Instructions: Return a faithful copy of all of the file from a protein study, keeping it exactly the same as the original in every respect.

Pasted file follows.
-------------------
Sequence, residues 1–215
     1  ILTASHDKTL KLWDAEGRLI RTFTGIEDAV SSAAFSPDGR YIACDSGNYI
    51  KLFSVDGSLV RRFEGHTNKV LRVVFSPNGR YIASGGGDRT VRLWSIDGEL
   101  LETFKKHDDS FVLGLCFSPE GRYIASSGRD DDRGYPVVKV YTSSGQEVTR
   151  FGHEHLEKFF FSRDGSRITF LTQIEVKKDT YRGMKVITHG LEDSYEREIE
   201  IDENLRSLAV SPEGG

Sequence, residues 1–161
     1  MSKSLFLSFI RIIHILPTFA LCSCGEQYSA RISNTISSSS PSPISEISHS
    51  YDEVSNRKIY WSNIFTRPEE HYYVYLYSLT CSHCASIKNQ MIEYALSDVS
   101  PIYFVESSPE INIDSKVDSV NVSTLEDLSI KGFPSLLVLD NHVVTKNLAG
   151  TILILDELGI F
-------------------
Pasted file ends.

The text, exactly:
Sequence, residues 1–215
     1  ILTASHDKTL KLWDAEGRLI RTFTGIEDAV SSAAFSPDGR YIACDSGNYI
    51  KLFSVDGSLV RRFEGHTNKV LRVVFSPNGR YIASGGGDRT VRLWSIDGEL
   101  LETFKKHDDS FVLGLCFSPE GRYIASSGRD DDRGYPVVKV YTSSGQEVTR
   151  FGHEHLEKFF FSRDGSRITF LTQIEVKKDT YRGMKVITHG LEDSYEREIE
   201  IDENLRSLAV SPEGG

Sequence, residues 1–161
     1  MSKSLFLSFI RIIHILPTFA LCSCGEQYSA RISNTISSSS PSPISEISHS
    51  YDEVSNRKIY WSNIFTRPEE HYYVYLYSLT CSHCASIKNQ MIEYALSDVS
   101  PIYFVESSPE INIDSKVDSV NVSTLEDLSI KGFPSLLVLD NHVVTKNLAG
   151  TILILDELGI F